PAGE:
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In the United States Court of Appeals For the Seventh Circuit ____________________ No. 18-1031 RHONDA KEMPER, Plaintiff-Appellant, v. DEUTSCHE BANK AG, Defendant-Appellee. ____________________ Appeal from the United States District Court for the Southern District of Illinois. No. 16-CV-0497-MJR-SCW — Michael J. Reagan, Chief Judge. ____________________ ARGUED SEPTEMBER 7, 2018 — DECIDED DECEMBER 12, 2018 ____________________ Before WOOD, Chief Judge, and ROVNER and BRENNAN, Circuit Judges. WOOD, Chief Judge. On May 16, 2009, U.S. Army Specialist David Schaefer, Jr., was killed by a roadside bomb while serving a tour of duty in Iraq. This litigation represents his mother’s attempt to hold someone responsible for the senseless loss of her son. It is easy to understand why she wishes to do so. But not everything is redressable in a court. Terrorist attacks such as the one that took Spc. Schaefer’s life often 2 No. 18-1031 elude the conventional judicial system. Those directly responsible may be beyond the reach of the court, because they are unidentifiable, or because they are beyond the reach of the court’s personal jurisdiction, or because they themselves have come to a violent end. Secondary actors, such as the organizations that fund the terrorists, are often amorphous and di cult to hale into court. Finally, despite Congress’s e ort to make state sponsors of terrorism accountable in U.S. courts, see 28 U.S.C. § 1605A, any resulting judgment may be uncollectible. See, e.g., Rubin v. Islamic Republic of Iran, 138 S. Ct. 816 (2018). Rhonda Kemper attempted to get around these formidable obstacles by alleging that the bomb that killed her son was a signature Iranian weapon that traveled from the Iranian Revolutionary Guard Corps (“the Guard”) to Hezbollah to Iraqi militias, who then placed it in the ground in Basra, Iraq, where it killed Spc. Schaefer. Kemper asserts that Deutsche Bank AG, a German entity with U.S. a liates, is responsible for her son’s death under the Anti-Terrorism Act (“ATA”), 18 U.S.C. § 2333. She ties Deutsche Bank to the fatal bomb through the Bank’s alleged membership in an Iranian conspiracy to commit acts of terror. It joined that conspiracy, she contends, when it instituted procedures to evade U.S. sanctions and facilitate Iranian banking transactions. The district court found that Kemper failed to plead facts that plausibly indicated that Deutsche Bank’s actions caused her son’s death. It thus dismissed her complaint for failure to state a claim. We a rm. No. 18-1031 3 I A In presenting the following account of the facts, we take Kemper’s account as true, understanding that it would be contestable if this case were to move forward. The May 2009 attack that killed Spc. Schaefer was typical of Iran’s long and sordid history of supporting terrorism. The United States designated Iran a State Sponsor of Terrorism in 1984, and that designation continues to this day. Although Iran plays no official role in the ongoing hostilities in Iraq, it maintains a large presence in that country through proxies in Iraqi Shi’a militias. One of those proxies planted the bomb that killed Spc. Schaefer. The allegation that Iran had a role in Spc. Schaefer’s death is plausible because of the distinctive explosive used in the attack. Iran supplies Explosively Formed Penetrators (“EFPs”) to its Iraqi agents. These EFPs have precisely crafted copper linings and military-grade explosives that are capable of piercing American armored vehicles. The Iranian EFPs leave a distinctive fingerprint on bomb debris. But for Iran, the technical sophistication and explosive power found in EFPs would be unavailable to Iraqi militias. As a result of Iran’s involvement in terrorism, in 1995 the United States imposed broad-ranging sanctions prohibiting almost all trade between the two countries. See Exec. Order No. 12959. Until November 2008, however, there were exceptions to the sanctions. The one that interests us allowed Iran some access to the U.S. financial system through a regulation known as the U-Turn exemption. 31 C.F.R. § 560.516 (1995), amended 73 Fed. Reg. 66,541 (Nov. 10, 2008). This exemption 4 No. 18-1031 allowed Iranian entities to use a non-Iranian bank with a correspondent account in the United States to process transactions. For example, an Iranian bank could keep an account with a non-U.S. bank such as Deutsche Bank. Deutsche Bank could then use its own correspondent account with a U.S. bank to process the Iranian bank’s transaction through the United States. The exemption was a practical necessity for Iran because much of Iran’s economy is oil-based, and the oil market is conducted in U.S. dollars. Without access to the U.S. financial system, Iran’s ability to use its oil-based earnings would be severely restricted. The U-Turn exemption thus gave Iran the ability to use its earnings from oil sales for legitimate, non-terroristic, purposes. Critical to the U-Turn exemption’s functioning was the transparent identification of the various counterparties to the transactions conducted pursuant to it. This transparency allowed U.S. banks to ensure that no transactions would benefit any sanctioned entities, thereby preventing Iran from using any of its assets to promote its terrorism goals. Deutsche Bank found a way to subvert this regulatory scheme. By strategically removing names or otherwise hiding the existence of potentially sanctioned counterparties to U.S.dollar-clearing transactions, Deutsche Bank avoided the U-Turn exemption’s transparency requirements and thus the additional regulatory scrutiny called for by the U.S. sanctions. For example, on some transactions Deutsche Bank employees would include notes stating “PLS DON’T MENTION THE NAME OF BANK SADERAT IRAN OR IRAN IN USA,” or “THE NAME BANK MELLI OR MARKAZI SHOULD NOT BE MENTIONED … IMPORTANT: NO IRANIAN NAMES TO BE MENTIONED WHEN MAKING PAYMENT TO NEW YORK” (capitalization in original). These notes, while far No. 18-1031 5 from subtle, were e ective. The names of sanctioned or potentially sanctioned parties were removed from thousands of transactions that later passed through U.S. banks’ sanctionsdetection systems without triggering any inquiry. For its troubles, Deutsche Bank charged a premium for providing these sanctions-avoidance services. It put these practices in place around 1999 and maintained them until at least 2006. Some illicit transactions persisted even after the bank formally undertook to abolish them. The use of these non-transparent services was not sporadic. Deutsche Bank o ered them to Iranian, Libyan, Syrian, Burmese, and Sudanese financial institutions as well as to other entities subject to U.S. sanctions. Over seven years, Deutsche Bank processed more than 27,200 transactions valued at approximately $10.86 billion for these customers. Of these, Deutsche Bank estimated that approximately 600 transactions valued at over $38 million were illegal under one of the U.S. sanctions programs. Although the existence of Deutsche Bank’s sanctions-avoidance program was hidden, Deutsche Bank considered it an important part of its business. At least one member of the Bank’s management board was kept aware of its functioning; some non-U.S. employees were considered experts in the practices and trained other employees; and the Bank issued formal and informal written instructions and training manuals for dealing with sanctioned customers. In November 2015, the discovery of these practices led to Deutsche Bank’s agreeing to a consent order with the New York State Department of Financial Services. This consent order required Deutsche Bank to pay a $258 million civil penalty, to agree to an independent monitor’s oversight, and to 6 No. 18-1031 fire numerous employees. The consent order contains an exhaustive factual description of how Deutsche Bank avoided U.S. sanctions; it is the source of many of the facts that appear in Kemper’s complaint. But the consent order does not state or suggest that any of the transactions Deutsche Bank processed were used to fund terrorism. And neither the consent order nor Kemper’s complaint specifies what percentage of Deutsche Bank’s sanctions-avoidance business came from Iranian institutions, as opposed to its other sanctioned customers. B Kemper asserts that Deutsche Bank’s sanctions-avoidance business was part of a much larger ongoing conspiracy to further Iran’s terroristic goals. The alleged co-conspirators included the following: Iran; the Guard; Iranian banks, including Bank Saderat, Bank Melli, and the Central Bank of Iran; the Islamic Republic of Iran Shipping Lines (“Shipping Lines”), Iran’s national maritime carrier, which in 2008 the United States labeled a Specially Designated National for its role in perpetuating Iran’s terrorism; various Western financial institutions, including Deutsche Bank. These co-conspirators worked to funnel millions of dollars to Hezbollah, a U.S.-designated Foreign Terrorist Organization, and enabled certain co-conspirators directly to perpetrate No. 18-1031 7 homicides, bombings, and other acts of international terrorism. Plainti s allege that Deutsche Bank was actively involved in this conspiracy from 1999 until 2011 (well after the formal abandonment of the evasive measures). The Bank’s role was to use the sanctions-avoiding practices described above to facilitate Iran’s and its co-conspirators’ access to funds. In turn, the Iranian banks would provide financial services to the Guard, Hezbollah, and others who facilitated Iran’s terrorism-related goals. Deutsche Bank also facilitated payments totaling more than $60 million to Shipping Lines, and those payments enabled Shipping Lines to assist in terrorist attacks. Deutsche Bank allegedly knew of or was deliberately indi erent to the terroristic aims of this conspiracy. Popular news sources such as the BBC and CNN repeatedly reported on Iran’s role in the killing of American troops in Iraq as far back as 2006. Furthermore, the Bank knew that the financial oversight systems imposed as part of the U.S. sanctions on Iran relied on financial institutions as the first line of defense to prevent Iran from using the U.S. financial system for terrorist funding. C Deutsche Bank responded to Kemper’s complaint with a motion to dismiss pursuant to Federal Rule of Civil Procedure 12(b)(6) for failure to state a claim upon which relief could be granted. The district court held that Kemper failed to allege facts showing that Deutsche Bank proximately caused her son’s death in Iraq, and that this was a dispositive omission. It found that there were too many steps in the hypothesized causal chain between Deutsche Bank’s actions and the 8 No. 18-1031 terrorists that attacked Spc. Schaefer to support liability. It also found that, to the extent Deutsche Bank joined any conspiracy, it joined only a conspiracy to avoid sanctions. The latter conspiracy was distinct from any of Iran’s terrorism-related goals. For that reason, the complaint did not satisfy the ATA’s requirement that to establish liability, the pleaded conspiracy must be one to provide material support for terrorism. The district court thus dismissed Kemper’s complaint, and this timely appeal followed. We consider the district court’s dismissal of Kemper’s complaint de novo, assuming that all of her well-pleaded allegations are true and construing reasonable inferences in her favor. Ashcroft v. Iqbal, 556 U.S. 662, 678 (2009); Bell Atlantic Corp. v. Twombly, 550 U.S. 544 (2007); see also Manistee Apartments, LLC v. City of Chicago, 844 F.3d 630, 633 (7th Cir. 2016). II In order to state a claim under the ATA, Kemper must plead facts showing that a United States national was injured “by reason of an act of international terrorism.” 18 U.S.C. § 2333(a). At first glance, her complaint seems to meet that requirement. Neither party disputes that the bombing that killed Spc. Schaefer was an act of international terrorism, and Schaefer and Kemper are both United States nationals who were injured by reason of that act. But the statute does not specify the set of possible defendants it contemplates. We can presume that Kemper could sue the person who placed the bomb, if she could find that person in the United States. But what about Deutsche Bank? Is the Bank su ciently connected to that act of international terrorism to hold it liable for Kemper’s injuries? If not, then do any of Deutsche Bank’s other actions fit the statutory definition of international terrorism? No. 18-1031 9 The ATA defines the term “international terrorism” through three requirements. First, the act must “involve violent acts or acts dangerous to human life” that violate U.S. or state criminal laws. 18 U.S.C. § 2331(1)(A). Kemper alleges that Deutsche Bank violated the federal criminal prohibitions on providing material support to terrorism and conspiring to provide material support. See 18 U.S.C. §§ 2339A, 2339B. Second, the act must “appear to be intended to intimidate or coerce a civilian population; to influence the policy of a government by intimidation or coercion; or to a ect the conduct of a government by mass destruction, assassination, or kidnapping.” 18 U.S.C. § 2331(1)(B). And third, the act must “occur primarily outside the territorial jurisdiction of the United States, or transcend national boundaries … .” 18 U.S.C. § 2331(1)(C). In addition to these statutory criteria, we have held that the ordinary tort requirements of “fault, state of mind, causation, and foreseeability must be satisfied” in an ATA action. Boim v. Holy Land Found. For Relief & Dev., 549 F.3d 685, 692 (7th Cir. 2008) (en banc) (hereinafter “Boim III”). Finally, because the ATA provides for treble damages and cost shifting, 18 U.S.C. § 2333(a), a plainti must prove intentional misconduct by the defendant. Boim III, 549 F.3d at 692–93. Although the district court focused on Kemper’s failure to plead causation adequately, we begin with the question whether Deutsche Bank’s actions met the definition of international terrorism, and then move to causation. A Kemper’s complaint fails plausibly to allege that Deutsche Bank’s actions satisfy the statutory definition of international terrorism and thus fall within the ambit of the ATA. The 10 No. 18-1031 Bank’s conduct was not “violent” or “dangerous to human life” as 18 U.S.C. § 2331(1)(A) requires, nor did it display the terroristic intent required by 18 U.S.C. § 2331(1)(B). The facts in our case are di erent from those in Boim III, which dealt with direct donations to a known terrorist organization. While giving fungible dollars to a terrorist organization may be “dangerous to human life,” doing business with companies and countries that have significant legitimate operations is not necessarily so. That these business dealings may violate U.S. sanctions does not convert them into terrorist acts. This is especially so when, as here, the great majority of these business interactions did not actually violate any sanctions, and the sanctions at issue cover more than terrorismrelated transactions. Deutsche Bank’s actions also do not appear intended to intimidate or coerce any civilian population or government. 18 U.S.C. § 2331(1)(B)(i), (ii). To the objective observer, its interactions with Iranian entities were motivated by economics, not by a desire to “intimidate or coerce.” This view is bolstered by the consent decree between Deutsche Bank and the New York State Department of Financial Services. While that decree describes Deutsche Bank’s many wrongful actions taken in attempts to evade the U.S. sanctions apparatus, it never once mentions terrorism. Indeed, that decree repeatedly states that Deutsche Bank built its sanctions-evading business because it was “lucrative.” B Even if we were to overlook the fundamental question whether Deutsche Bank’s actions count as “international terrorism,” Kemper would still need to show that her allegations No. 18-1031 11 would support civil liability against the Bank. Terrorism is an emotionally and politically charged issue, but the ATA ultimately is a tort statute. That means that causation must be proven before liability is established. Traditionally, the causation inquiry is broken down into two subparts: but-for or factual causation, i.e., whether the harm could have occurred without the alleged tortious act; and proximate or legal cause, which attempts to determine the scope of liability for a defendant’s actions. See, e.g., Bridge v. Phoenix Bond & Indem. Co., 553 U.S. 639, 653–54 (2008). We have recognized that strict but-for causation is not necessary to prove ATA liability. See Boim III, 549 F.3d at 695–99. In Boim III, we found that providing material support to terrorists is a wrongful act that, like spilling toxic waste into groundwater, creates liability regardless of literal but-for causation because it is done in the context of others committing similar wrongful acts. Id. at 696–97; see also Restatement (Third) of the Law of Torts: Liability for Phys. & Emot. Harm § 27, cmts. f, g (2010) (“Restatement (Third) of Torts”). We held that making a monetary donation to Hamas, knowing that organization’s active participation in terrorism, fits into this exception to the general rule of but-for causation. 549 F.3d at 697–99. Even if Hamas would have committed the terrorist attack at issue without the Boim III defendants’ donations, the funders could still be held liable because they added to Hamas’s ability to engage in terrorism. Id. Deutsche Bank argues that Boim III is no longer good law on this point because later Supreme Court decisions have held that when a statute such as the ATA uses the phrase “by reason of,” liability under that statute requires but-for causation. See Burrage v. United States, 571 U.S. 204, 213 (2014) (Controlled Substances Act). We need not address this issue, however, because the failure of 12 No. 18-1031 Kemper’s complaint plausibly to allege proximate causation independently requires dismissal. We first take this opportunity to clarify some language in Boim III that might be read to suggest that something less than proximate cause might su ce to prove ATA liability. See, e.g., 549 F.3d at 698, 700 (noting that “terrorism is sui generis” and that ATA liability might attach to “someone who … contributed to a terrorist organization in 1995 that killed an American abroad in 2045”). Such a reading would not be compatible with the opinion as a whole. Boim III expressly held that “the ordinary tort requirements relating to … causation … must be satisfied” to establish ATA liability. Id. at 692. Indeed, the core of the logic underlying Boim III comes directly from the canonical case of Summers v. Tice, 33 Cal. 2d 80 (1948), cited at 549 F.3d at 696. The analogy between multiple sources providing material support to terrorists, and multiple hunters firing in the same direction, while imperfect, is helpful. In both cases there is an undoubtedly wrongful act. And in both cases a rigid insistence on singular but-for causation would perversely result in the tortfeasor’s escaping liability not because of her own actions, but because she was lucky enough that other people were committing similarly wrongful acts at the same time. The causation inquiry was not meant to prevent liability in these situations. Kemper does not argue that the ATA is devoid of a proximate-cause requirement, and for good reason. The Supreme Court has told us that “[i]t is a well established principle of [the common] law that in all cases of loss, we are to attribute it to the proximate cause, and not to any remote cause. … [The Court] assume[s] Congress is familiar with the common-law rule and does not mean to displace it sub silentio in federal No. 18-1031 13 causes of action.” Bank of Am. Corp v. City of Miami, Fla., 137 S. Ct. 1296, 1305 (2017) (internal citations and quotations omitted). Furthermore, the Supreme Court has repeatedly and explicitly held that when Congress uses the phrase “by reason of” in a statute, it intends to require a showing of proximate cause. See Holmes v. Sec. Investor Prot. Corp., 503 U.S. 258, 267– 68 (1992) (“by reason of” in RICO statute requires proximate cause); Assoc. Gen. Contractors of Cal., Inc. v. Cal. State Council of Carpenters, 459 U.S. 519, 532–35 (1983) (“by reason of” in section four of the Clayton Act requires proximate cause); see also Hemi Group, LLC v. City of New York, N.Y., 559 U.S. 1 (2010). Three of our sister circuits have expressly extended this reasoning to the ATA. See Owens v. BNP Paribas, S.A., 897 F.3d 266, 273 (D.C. Cir. 2018); Fields v. Twitter, Inc., 881 F.3d 739, 744–45 (9th Cir. 2018); Rothstein v. UBS AG, 708 F.3d 82, 95–96 (2d Cir. 2013). We see no reason to depart from this logic, and so we join them in holding that proximate cause is necessary for ATA liability. That said, we know that simply stating that the ATA requires proof of “proximate cause” does not help much. A firm definition for the term “proximate cause” has escaped judges, lawyers, and legal scholars for centuries. See, e.g., Waters v. Merchants’ Louisville Ins. Co., 36 U.S. 213, 221 (1837) (attempting to determine the proximate cause of the destruction of a steamboat). The term has so bedeviled the authors of the Restatements of Torts that they omitted it entirely from the First and Second Restatements and expressed a wish for its extermination in the Third. See Restatement (Third) of Torts, Spec. Note on Proximate Cause (2010). The parties have jumped into the fray and, to no one’s surprise, have reached di erent conclusions. Drawing on 14 No. 18-1031 conspiracy law, Kemper directs us to the foreseeability of an outcome, see Halberstam v. Welch, 705 F.2d 472 (D.C. Cir. 1983), while Deutsche Bank implores us to focus on the number of steps that occur between an action and its consequence. See Nichols v. Mich. City Plant Planning Dep’t, 755 F.3d 594, 604 (7th Cir. 2014) (“Proximate cause requires only some direct relation between injury asserted and injurious conduct alleged, and excludes only those links that are too remote, purely contingent, or indirect.” (quoting Staub v. Proctor Hosp., 562 U.S. 411, 419 (2011))). This is, to a degree, a pointless debate: directness and foreseeability are logically linked. In most cases the more directly related an outcome is to an underlying action, the more likely that the outcome will have been foreseeable, and vice versa. In addition to directness and foreseeability, other courts attempting to define proximate cause under the ATA have also considered whether a defendant’s actions were “a substantial factor in the sequence of events” leading to a plainti ’s injuries. Owens, 897 F.3d at 273 (quoting Rothstein, 708 F.3d at 91) (internal quotations omitted). Fortunately, we do not need to resolve once and for all the centuries-old debate about what exactly proximate cause requires. It is enough to note that all of the factors identified by the parties and our sister circuits—foreseeability, directness, and the substantiality of the defendant’s conduct—are relevant to the inquiry. Moreover, as Boim III displays, other established principles of tort causation will often be useful as well. This catch-all approach has been endorsed by the Supreme Court and is a recognition of the fact that “we use ‘proximate cause’ to label generically the judicial tools used to” perform an inquiry that ultimately “‘reflects ideas of what justice demands, or of what is administratively possible and convenient.’” Holmes, 503 U.S. at 268 (quoting W. Keeton, et No. 18-1031 15 al., PROSSER AND KEETON ON LAW OF TORTS § 41, p. 264 (5th ed. 1984)); see also Bridge, 553 U.S. at 654 (“Proximate cause … is a flexible concept that does not lend itself to a black-letter rule that will dictate the result in every case.” (internal quotation marks omitted)). We can now return to the facts of this case. Kemper alleges that Deutsche Bank provided financial services to Iranian financial institutions and to other Iranian businesses such as Shipping Lines, and those Iranian entities went on to provide services to terrorist groups. Kemper does not allege that Deutsche Bank ever serviced a terrorist group directly. Nor does she allege that these various Iranian institutions exist solely to perform terrorist acts. Indeed, although Kemper alleges that Shipping Lines transported weapons for Iran, she also specifically asserts that it “provides a variety of maritime transport services” and is “a global operator with a worldwide network of subsidiaries, branch o ces and agent relationships.” The Iranian financial institutions similarly have branches and subsidiaries spread across Europe and Asia. These facts take Kemper’s allegations out of the purview of Boim III. Even if Hamas’s non-terroristic endeavors were closely tied to its terroristic mission, it strains credulity to suggest that a worldwide network of banks or shipping lines is similarly dedicated to terrorism. There is an additional hurdle that Kemper has not overcome: the Islamic Republic of Iran. The central theory tying all of Kemper’s allegations together is that Iran is responsible for the terrorist attack that killed her son, and that Deutsche Bank facilitated that attack by providing services to Iran and state-owned Iranian businesses. But this theory ignores that, as the D.C. and Second Circuits have noted, Iran “is a 16 No. 18-1031 sovereign state with ‘many legitimate agencies, operations, and programs to fund.’” Owens, 897 F.3d at 276 (quoting Rothstein, 708 F.3d at 97). When one of the links on a causal chain is a sovereign state, the need for facts specifically connecting a defendant’s actions to the ultimate terrorist attack is especially acute. See id. That Iran is involved in substantial nonterrorist activities is clear from Kemper’s complaint. Kemper alleges that Deutsche Bank facilitated or conspired to facilitate Iran’s providing approximately $210 million of transactions for various sanctioned entities and terrorist groups over several years. By contrast, Kemper states that over seven years, Iran’s oil and gas revenues totaled $972.9 billion. Even according to Kemper, then, Iran had over $972 billion in revenues that it applied to non-terroristic undertakings. Kemper’s complaint also fails to suggest how her theory might overcome the traditional tort doctrine of superseding or intervening cause. A cause is superseding when “it is a ‘cause of independent origin that was not foreseeable.’” Staub, 562 U.S. at 420 (quoting Exxon Co., U.S.A. v. Sofec, Inc., 517 U.S. 830, 837 (1996)). We have recognized, consistently with the Restatement (Third) of Torts, that although “criminal acts are not superseding causes per se[,] … acts that are either criminal or intentionally tortious … are more likely to be adjudged superseding causes.” Scottsdale Ins. Co. v. Subscription Plus, Inc., 299 F.3d 618, 620 (2002); see also Hibma v. Odegaard, 769 F.2d 1147, 1155–56 (7th Cir. 1985); Restatement (Third) of Torts § 34, cmt. e. Here, there are numerous criminal intervening acts separating Deutsche Bank from the terrorist attack that killed Kemper’s son. After Deutsche Bank did business with Iranian institutions, all of the following actors had to commit an independent criminal act before the o ending EFP was set in Basra: the Iraqi militias, Hezbollah, the Guard, the Iranian No. 18-1031 17 financial and shipping institutions, and most importantly, the Islamic Republic itself. Although Owens and Rothstein do not use the language of superseding cause, both recognize that a sovereign’s a rmative choice to engage in a wrongful act will usually supersede a third party’s choice to do business with that sovereign. See Owens, 897 F.3d at 276; Rothstein, 708 F.3d at 97. This makes sense. Finding that a sovereign state’s actions supersede other more tangential causes prevents the scope of liability from extending to the many individual persons, businesses, and other sovereigns that interact with that state. For example, the United Kingdom has authorized both Bank Saderat and Shipping Lines to operate subsidiaries in its territory. The existence of those subsidiaries surely furthers Iran’s ability to engage in terrorism, but we cannot imagine that U.K. regulators could be held responsible for Iran’s terrorist acts. Similarly, purchasers of Iranian oil and natural gas contribute funds to Iran that Iran might use to support terrorism, but those purchasers are not liable for the attacks that Iran may facilitate with those funds. Kemper counters these arguments with three of her own. First, she reminds us that Iran is a designated state sponsor of terrorism. Second, she finds it suspicious that the Iranian entities used Deutsche Bank’s non-transparent services even though the U-Turn exemption was available for any legitimate business. And third, she reasons that the Iranian sanctions are anti-terrorism measures and so any attempt to subvert them necessarily furthers Iran’s terrorism capabilities. All of that may be true, but we do not see how these points su ciently connect Deutsche Bank to terrorism supported by the Iranian state. The United States has regularly di erentiated 18 No. 18-1031 between providing support to state sponsors of terror and providing support to terrorist organizations. See, e.g., Owens, 897 F.3d at 276 (noting that Congress found a total prohibition on financial support to terrorist organizations justified while explicitly permitting some financial transactions with state sponsors of terrorism). Indeed, the ATA itself makes this distinction. See 18 U.S.C. § 2333(d)(2) (limiting liability to injuries caused by “an organization that had been designated as a foreign terrorist organization”). The Iranian institutions’ decision to avail themselves of Deutsche Bank’s sanctions-avoiding services similarly does not su ciently connect Deutsche Bank to terrorism. As we already have noted, most of the transactions processed by Deutsche Bank did not violate any U.S. sanctions (though they did violate processing rules). Beyond this, Deutsche Bank provided its services to sanctioned entities, such as those from Burma, whose disfavored status is unrelated to terrorism. These facts weaken the inference that Deutsche Bank’s provision of sanctions-avoiding services was necessarily tied to terrorism. Finally, although the Iran sanctions may have begun because of Iran’s support for terrorism, the actual sanctions extend far beyond commerce that could support terroristic endeavors. Instead, the sanctions prohibit virtually all trade between the United States and Iran, regardless of whether that trade could conceivably facilitate terrorism. Even if Deutsche Bank had facilitated Iran’s purchase of a crate of oranges, that deal could violate U.S. sanctions. Without some other fact suggesting either an intent to support terrorism or a direct provision of services to terrorists, the violation of such a broad prohibition does not create a su cient link to establish liability for terrorism-related torts under any traditional notion of proximate cause. The implication from No. 18-1031 19 these facts is that Deutsche Bank’s sanctions-avoiding actions, while wrongful, were designed to increase its profits by providing a service to willing customers at premium prices. In other words, Kemper has not alleged facts plausibly suggesting that it was foreseeable that Deutsche Bank’s actions would fund terrorism, or that it was a substantial factor in her son’s death. And she has not alleged any facts directly connecting Deutsche Bank’s business dealings, as shady as those dealings might have been, to Iranian terrorist acts. III Unlike previous ATA plainti s, who have focused on aiding and abetting theories of liability, Kemper alleges that Deutsche Bank joined a conspiracy with the Iranian financial institutions, Shipping Lines, Iran, and the various terrorist organizations that committed the attack that killed her son. She argues that terrorist attacks, including the one that killed Spc. Schaefer, were reasonably foreseeable acts done pursuant to or in furtherance of this conspiracy, and so Deutsche Bank is liable for those acts. See Pinkerton v. United States, 328 U.S. 640 (1946) (co-conspirators liable for crimes committed in furtherance of conspiracy); Halberstam, 705 F.2d at 487 (co-conspirators in civil conspiracy liable for acts that are “a reasonably foreseeable consequence of the scheme”). But Kemper’s conspiracy allegations are factually implausible, and her legal theory underlying those allegations is problematic. The crux of any conspiracy is an agreement between the co-conspirators. Ocasio v. United States, 136 S. Ct. 1423, 1429 (2016). Although “a conspirator [need] not agree to commit or facilitate each and every part of the o ense,” she must “reach an agreement with the specific intent that” the conspiratorial goal be completed. Id. (alteration in original) (emphasis 20 No. 18-1031 added) (internal quotation marks omitted). Here, Kemper has not alleged facts that give rise to a plausible inference that Deutsche Bank agreed to provide material support for terrorism. Cf. Bell Atlantic Corp. v. Twombly, 550 U.S. 544, 556–57 (2007). None of the allegations suggest that Deutsche Bank cared how its Iranian customers obtained or spent the funds that it processed for them. “A person who is indi erent to the goals of an ongoing conspiracy does not become a party to this conspiracy merely because that person knows that his or her actions might somehow be furthering that conspiracy.” United States v. Collins, 966 F.2d 1214, 1219–20 (7th Cir. 1992). This principle—that one cannot join a conspiracy through apathy—is especially important in business dealings. Because “[b]y definition market transactions—whether in legal or illegal markets—benefit both parties, [ ] we do not assume, ab initio, that they carry with them the excess baggage of conspiracy.” United States v. Townsend, 924 F.2d 1385, 1392 (7th Cir. 1991). The facts here suggest only that Deutsche Bank may have engaged in business dealings that incidentally assisted a separate terrorism-related conspiracy involving Iran; they do not suggest that Deutsche Bank ever agreed to join that conspiracy. We thus agree with the district court’s reading of the complaint to allege, at most, that Deutsche Bank joined a conspiracy to evade sanctions. Deutsche Bank and the Iranian financial institutions agreed to omit any reference to Iranian counterparties so as to avoid detection by U.S. banks and the possible sanctions that detection might trigger. But no facts suggest that Deutsche Bank agreed to facilitate any wrongful conduct beyond this. No. 18-1031 21 Beyond this fundamental factual defect, the ATA’s text creates two other hurdles for Kemper’s conspiracy allegations. If Kemper’s conspiracy liability theory could succeed on these facts, it would undermine the causation analysis required by the ATA’s use of the phrase “by reason of.” Kemper’s continuous invocation of conspiracy law in her discussions of causation makes this fact obvious. Because co-conspirators are liable for each other’s acts done in furtherance of the conspiracy, pleading the type of wide-ranging conspiracy that Kemper has would allow plainti s to hold defendants liable who were not the proximate cause of the plainti ’s injury. This is not to say that a plainti could never adequately plead a plausible ATA conspiracy. But the further down the causal chain a defendant sits, the more diligent a plainti must be to plead facts that plausibly suggest that the defendant entered into an agreement to support terrorism. The second problem with Kemper’s theory of conspiracy liability is that she premises it on the primary liability found in 18 U.S.C. § 2333(a). We held in Boim III that even though section 2333(a) does not encompass secondary theories such as conspiracy liability, through a chain of incorporations Congress e ectively created “[p]rimary liability … [that] has the character of secondary liability.” 549 F.3d at 691. Conspiracy and other secondary liability principles could thus inform an analysis of section 2333(a) primary liability. Id. at 691–92. But after Boim III was decided, Congress passed the Justice Against Sponsors of Terrorism Act, Pub. L. No. 114-222, § 4, 130 Stat. 852, 854 (2016), which explicitly added a textual basis for secondary liability to the ATA. See 18 U.S.C. § 2333(d). The amendment created liability “for an injury arising from an act of international terrorism committed, planned, or authorized by an organization that had been designated as a foreign terrorist 22 No. 18-1031 organization … as to any person … who conspires with the person who committed such an act of international terrorism.” Id. (emphasis added). The district court held that section 2333(d)’s requirement that the terrorist attack be committed by a designated foreign terrorist organization excluded liability for attacks committed by a state sponsor of terrorism, i.e., Iran. The district court thus concluded that because Kemper alleged the attack at issue here was orchestrated by Iran, her claim could not be sustained under section 2333(d). Kemper has not contested this holding on appeal, and so any argument she may have regarding it is waived. Bernard v. Sessions, 881 F.3d 1042, 1048 (7th Cir. 2018). We note, however, that assuming the district court’s interpretation of the statute is correct, Kemper’s theory of conspiracy liability under section 2333(a) would render section 2333(d)’s express allowance for conspiracy liability superfluous. If section 2333(a)’s allowance for primary liability with the “character” of conspiracy liability can support a conspiracy including a state sponsor of terror, a designated terrorist organization, or anyone else (perhaps a lone wolf), then litigants would never need to use the more limited conspiracy liability authorized by section 2333(d). That result is one we must avoid. See Marx v. Gen. Revenue Corp., 568 U.S. 371, 392–93 (2013) (“[A] statute should be constructed so that e ect is given to all of its provisions, so that no part will be inoperative or superfluous, void or insignificant.” (quoting Corley v. United States, 556 U.S. 303, 314 (2009)) (internal quotations omitted)). IV The events leading to this litigation are heartbreaking. The United States lost a soldier, and Rhonda Kemper lost her son. No. 18-1031 23 The desire to hold someone responsible for this grievous loss is eminently understandable. But Deutsche Bank is the wrong defendant. Its actions are too attenuated from the terrorist attack that killed Spc. Schaefer to hold it liable for his death. We AFFIRM the district court’s judgment.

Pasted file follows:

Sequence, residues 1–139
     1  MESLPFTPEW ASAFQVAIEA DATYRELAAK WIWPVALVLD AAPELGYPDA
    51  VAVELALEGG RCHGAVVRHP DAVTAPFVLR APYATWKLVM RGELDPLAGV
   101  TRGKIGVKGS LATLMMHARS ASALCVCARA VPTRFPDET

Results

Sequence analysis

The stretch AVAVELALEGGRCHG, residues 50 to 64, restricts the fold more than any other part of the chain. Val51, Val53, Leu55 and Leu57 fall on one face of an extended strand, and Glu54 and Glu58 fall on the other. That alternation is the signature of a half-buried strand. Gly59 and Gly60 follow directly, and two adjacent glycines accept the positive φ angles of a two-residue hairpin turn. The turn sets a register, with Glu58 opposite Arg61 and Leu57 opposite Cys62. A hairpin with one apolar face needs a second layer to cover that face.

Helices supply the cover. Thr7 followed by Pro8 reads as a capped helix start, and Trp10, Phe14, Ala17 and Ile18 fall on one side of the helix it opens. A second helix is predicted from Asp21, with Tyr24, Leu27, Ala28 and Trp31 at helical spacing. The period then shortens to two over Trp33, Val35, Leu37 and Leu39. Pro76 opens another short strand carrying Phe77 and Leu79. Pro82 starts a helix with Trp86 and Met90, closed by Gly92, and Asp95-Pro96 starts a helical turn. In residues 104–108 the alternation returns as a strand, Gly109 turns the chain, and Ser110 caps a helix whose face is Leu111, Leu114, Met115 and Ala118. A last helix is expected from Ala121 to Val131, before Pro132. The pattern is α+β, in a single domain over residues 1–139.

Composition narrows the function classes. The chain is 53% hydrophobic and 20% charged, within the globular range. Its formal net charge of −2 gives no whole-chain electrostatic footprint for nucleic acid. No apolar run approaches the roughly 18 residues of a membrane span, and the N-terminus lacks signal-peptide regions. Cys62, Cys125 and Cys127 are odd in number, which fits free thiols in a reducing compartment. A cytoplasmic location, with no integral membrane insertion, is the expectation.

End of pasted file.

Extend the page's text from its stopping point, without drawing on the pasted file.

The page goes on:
Primary Holding

Seventh Circuit rejects an attempt to hold a German Bank liable, under the Anti-Terrorism Act, for the death of an American soldier by a roadside bomb in Iraq.